Senate Panel Advances Bill To Stop EPA From Using Clinical Data In Setting Regulations

On 28 April, a Senate panel approved a measure that would prohibit the Environmental Protection Agency from issuing regulations based on science that is not transparent and reproducible. The legislation would stop EPA from using clinical data that require protection of patient confidentiality as the agency sets health-based pollution standards for air, water, and soil. The so-called Secret Science Reform Act clears the way for the full Senate to vote on the measure. The House of Representatives passed a companion bill, H.R. 1030, on a partisan vote last month. The White House has threatened a presidential veto of the legislation. Republicans are pushing the bill because EPA has objected to their requests for access to raw health data, citing the need to protect the confidentiality of patients’ clinical health information. The type of data EPA can use as the basis for regulation is especially pivotal for the agency’s air quality standards on ground-level ozone and particulates. The regulations are expensive for industry but reap significant health benefits for millions of Americans. The chemical, electric power and manufacturing sectors are heavily impacted by air standards and sometimes request access to the health and economic data that EPA relies on in setting its rules. GOP members of the Senate Environment & Public Works Committee approved the bill over strong objections by Democrats. The legislation’s sponsor, Sen. John Barrasso (R-Wyo.), says the measure would ensure that EPA uses only the best publicly available science to regulate. But the bill “would make it nearly impossible for EPA to develop policies, guidance, or regulations informed by the best available science,” says Andrew A. Rosenberg of the Union of Concerned Scientists. “The legislation may sound reasonable, but it’s actually a cynical attack on EPA’s ability to do its job.” Some scientists say the measure is unfair because industry researchers do not have to make their data public, claiming that such results are confidential business information. Environmental health researchers are concerned that any new requirements on EPA to release confidential health data will constrain their ability to recruit people for future studies.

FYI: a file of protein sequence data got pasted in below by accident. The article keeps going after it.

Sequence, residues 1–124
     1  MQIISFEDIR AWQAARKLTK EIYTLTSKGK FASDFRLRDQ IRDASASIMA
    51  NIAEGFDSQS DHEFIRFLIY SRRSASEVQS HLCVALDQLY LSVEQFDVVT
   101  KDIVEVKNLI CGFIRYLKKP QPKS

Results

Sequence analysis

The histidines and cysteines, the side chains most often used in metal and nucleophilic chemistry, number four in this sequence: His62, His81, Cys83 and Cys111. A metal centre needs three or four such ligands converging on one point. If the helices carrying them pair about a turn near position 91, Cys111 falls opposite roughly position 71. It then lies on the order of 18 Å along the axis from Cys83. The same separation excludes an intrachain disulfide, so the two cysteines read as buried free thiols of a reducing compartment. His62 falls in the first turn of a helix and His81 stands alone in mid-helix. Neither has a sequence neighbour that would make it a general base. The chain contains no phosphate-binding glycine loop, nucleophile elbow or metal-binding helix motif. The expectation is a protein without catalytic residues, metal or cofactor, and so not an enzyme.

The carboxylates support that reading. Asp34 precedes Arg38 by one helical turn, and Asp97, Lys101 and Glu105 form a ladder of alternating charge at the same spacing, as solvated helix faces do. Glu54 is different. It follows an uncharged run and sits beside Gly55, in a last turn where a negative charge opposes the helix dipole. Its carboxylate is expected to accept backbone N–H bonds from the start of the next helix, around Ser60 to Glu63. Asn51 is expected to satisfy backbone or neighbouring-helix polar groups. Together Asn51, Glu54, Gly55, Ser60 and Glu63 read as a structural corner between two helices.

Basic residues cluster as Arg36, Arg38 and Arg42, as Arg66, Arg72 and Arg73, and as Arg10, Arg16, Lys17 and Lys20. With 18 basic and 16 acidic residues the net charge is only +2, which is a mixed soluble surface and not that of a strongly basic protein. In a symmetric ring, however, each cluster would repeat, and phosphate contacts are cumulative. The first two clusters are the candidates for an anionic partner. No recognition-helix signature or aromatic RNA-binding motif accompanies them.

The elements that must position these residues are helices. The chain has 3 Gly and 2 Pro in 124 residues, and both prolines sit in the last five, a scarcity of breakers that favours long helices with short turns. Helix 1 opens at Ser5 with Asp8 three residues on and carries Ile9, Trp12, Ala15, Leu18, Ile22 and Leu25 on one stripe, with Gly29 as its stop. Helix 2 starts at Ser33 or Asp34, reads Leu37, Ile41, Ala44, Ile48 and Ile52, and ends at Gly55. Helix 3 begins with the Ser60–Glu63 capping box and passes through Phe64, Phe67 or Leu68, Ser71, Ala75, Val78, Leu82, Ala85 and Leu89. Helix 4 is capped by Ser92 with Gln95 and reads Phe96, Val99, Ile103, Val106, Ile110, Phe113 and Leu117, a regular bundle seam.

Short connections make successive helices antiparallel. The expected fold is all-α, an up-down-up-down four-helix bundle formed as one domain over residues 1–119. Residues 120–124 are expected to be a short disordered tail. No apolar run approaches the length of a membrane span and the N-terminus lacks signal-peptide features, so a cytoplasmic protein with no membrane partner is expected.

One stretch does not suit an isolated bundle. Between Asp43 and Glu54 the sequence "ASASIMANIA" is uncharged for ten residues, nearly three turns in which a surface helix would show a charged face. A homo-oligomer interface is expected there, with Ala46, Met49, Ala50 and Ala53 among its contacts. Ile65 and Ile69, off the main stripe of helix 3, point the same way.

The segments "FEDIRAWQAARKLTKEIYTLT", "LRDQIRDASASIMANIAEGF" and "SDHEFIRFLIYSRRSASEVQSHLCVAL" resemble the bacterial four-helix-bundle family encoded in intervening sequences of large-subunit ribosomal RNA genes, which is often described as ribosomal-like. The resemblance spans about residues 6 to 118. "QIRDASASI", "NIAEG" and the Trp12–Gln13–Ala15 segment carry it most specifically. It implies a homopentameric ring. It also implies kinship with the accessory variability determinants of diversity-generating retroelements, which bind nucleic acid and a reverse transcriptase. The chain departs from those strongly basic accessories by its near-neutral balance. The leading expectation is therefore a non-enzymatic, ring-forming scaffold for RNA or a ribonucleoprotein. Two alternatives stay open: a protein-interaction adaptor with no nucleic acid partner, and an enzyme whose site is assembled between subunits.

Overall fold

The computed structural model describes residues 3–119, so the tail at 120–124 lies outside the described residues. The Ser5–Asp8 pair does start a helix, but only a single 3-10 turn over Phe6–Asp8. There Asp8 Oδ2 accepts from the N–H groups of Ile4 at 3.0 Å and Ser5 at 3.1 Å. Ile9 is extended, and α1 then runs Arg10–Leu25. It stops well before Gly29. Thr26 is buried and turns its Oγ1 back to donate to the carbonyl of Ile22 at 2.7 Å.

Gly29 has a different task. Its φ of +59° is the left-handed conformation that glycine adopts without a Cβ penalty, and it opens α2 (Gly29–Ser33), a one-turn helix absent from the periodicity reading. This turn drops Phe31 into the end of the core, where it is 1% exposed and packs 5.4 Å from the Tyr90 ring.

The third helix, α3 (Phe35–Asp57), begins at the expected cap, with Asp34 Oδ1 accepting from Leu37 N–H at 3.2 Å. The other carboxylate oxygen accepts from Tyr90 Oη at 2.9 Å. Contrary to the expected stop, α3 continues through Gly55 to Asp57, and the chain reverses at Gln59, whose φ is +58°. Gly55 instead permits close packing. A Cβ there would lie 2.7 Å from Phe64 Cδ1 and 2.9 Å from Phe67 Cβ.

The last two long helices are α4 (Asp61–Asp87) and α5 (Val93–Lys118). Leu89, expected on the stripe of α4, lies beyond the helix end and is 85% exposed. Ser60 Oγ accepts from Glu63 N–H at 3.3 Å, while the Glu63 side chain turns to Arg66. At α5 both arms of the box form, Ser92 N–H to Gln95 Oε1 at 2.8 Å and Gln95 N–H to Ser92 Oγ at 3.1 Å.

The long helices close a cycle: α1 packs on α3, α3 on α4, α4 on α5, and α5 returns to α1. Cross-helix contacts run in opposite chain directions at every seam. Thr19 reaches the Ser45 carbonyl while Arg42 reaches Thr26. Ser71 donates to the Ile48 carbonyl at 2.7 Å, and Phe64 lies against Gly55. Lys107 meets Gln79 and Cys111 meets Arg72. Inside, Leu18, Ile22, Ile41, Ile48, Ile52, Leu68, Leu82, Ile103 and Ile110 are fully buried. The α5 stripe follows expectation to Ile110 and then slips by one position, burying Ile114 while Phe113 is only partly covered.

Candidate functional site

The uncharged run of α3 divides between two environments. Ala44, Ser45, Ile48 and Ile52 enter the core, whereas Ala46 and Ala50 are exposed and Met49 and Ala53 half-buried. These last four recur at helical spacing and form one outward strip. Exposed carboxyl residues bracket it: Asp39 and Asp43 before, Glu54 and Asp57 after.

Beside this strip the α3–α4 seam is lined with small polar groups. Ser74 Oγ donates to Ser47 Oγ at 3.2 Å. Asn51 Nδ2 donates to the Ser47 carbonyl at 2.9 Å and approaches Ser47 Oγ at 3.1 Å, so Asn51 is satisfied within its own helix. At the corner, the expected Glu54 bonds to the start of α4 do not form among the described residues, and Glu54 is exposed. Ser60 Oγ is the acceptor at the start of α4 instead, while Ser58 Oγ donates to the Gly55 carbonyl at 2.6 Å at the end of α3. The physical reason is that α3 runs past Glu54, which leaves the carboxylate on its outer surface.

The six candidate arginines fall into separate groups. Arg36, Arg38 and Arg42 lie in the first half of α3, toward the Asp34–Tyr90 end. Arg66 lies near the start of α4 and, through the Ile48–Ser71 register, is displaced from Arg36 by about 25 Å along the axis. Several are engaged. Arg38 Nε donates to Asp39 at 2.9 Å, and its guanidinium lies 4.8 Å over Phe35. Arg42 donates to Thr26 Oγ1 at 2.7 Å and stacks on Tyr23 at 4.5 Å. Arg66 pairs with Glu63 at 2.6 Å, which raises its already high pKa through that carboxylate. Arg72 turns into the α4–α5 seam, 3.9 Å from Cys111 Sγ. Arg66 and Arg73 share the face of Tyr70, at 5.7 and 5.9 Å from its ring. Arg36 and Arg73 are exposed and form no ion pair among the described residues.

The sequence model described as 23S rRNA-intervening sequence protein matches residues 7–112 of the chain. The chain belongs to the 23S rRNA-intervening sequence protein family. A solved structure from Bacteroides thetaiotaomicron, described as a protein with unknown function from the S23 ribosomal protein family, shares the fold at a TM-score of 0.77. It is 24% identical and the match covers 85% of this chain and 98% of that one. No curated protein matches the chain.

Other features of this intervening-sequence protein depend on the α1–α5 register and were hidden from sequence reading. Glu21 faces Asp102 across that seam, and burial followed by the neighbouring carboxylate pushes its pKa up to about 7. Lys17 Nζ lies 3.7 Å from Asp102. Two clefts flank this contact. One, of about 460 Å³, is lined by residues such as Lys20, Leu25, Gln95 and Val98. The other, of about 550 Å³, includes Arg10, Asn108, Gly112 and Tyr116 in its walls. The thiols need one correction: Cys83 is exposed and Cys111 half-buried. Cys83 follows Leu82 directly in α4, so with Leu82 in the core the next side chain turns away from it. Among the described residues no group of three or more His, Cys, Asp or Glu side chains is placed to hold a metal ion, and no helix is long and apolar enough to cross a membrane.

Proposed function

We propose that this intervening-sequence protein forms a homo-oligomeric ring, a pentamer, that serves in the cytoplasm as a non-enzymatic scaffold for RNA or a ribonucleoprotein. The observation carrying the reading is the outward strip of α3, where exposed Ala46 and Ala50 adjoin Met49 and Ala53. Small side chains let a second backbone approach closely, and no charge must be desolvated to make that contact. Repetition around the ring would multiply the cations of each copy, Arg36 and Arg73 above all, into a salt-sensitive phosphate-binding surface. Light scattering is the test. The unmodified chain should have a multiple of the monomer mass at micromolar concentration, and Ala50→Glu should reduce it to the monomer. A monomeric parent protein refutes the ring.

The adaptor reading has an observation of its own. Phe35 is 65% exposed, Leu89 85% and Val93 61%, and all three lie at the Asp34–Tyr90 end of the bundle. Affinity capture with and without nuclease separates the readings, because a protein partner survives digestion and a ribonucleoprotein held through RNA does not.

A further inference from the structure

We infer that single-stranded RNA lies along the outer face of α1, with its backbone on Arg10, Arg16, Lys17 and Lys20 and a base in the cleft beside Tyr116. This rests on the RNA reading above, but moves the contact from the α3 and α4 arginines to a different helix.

Chemical & Engineering News, 28 April 2015 ; ;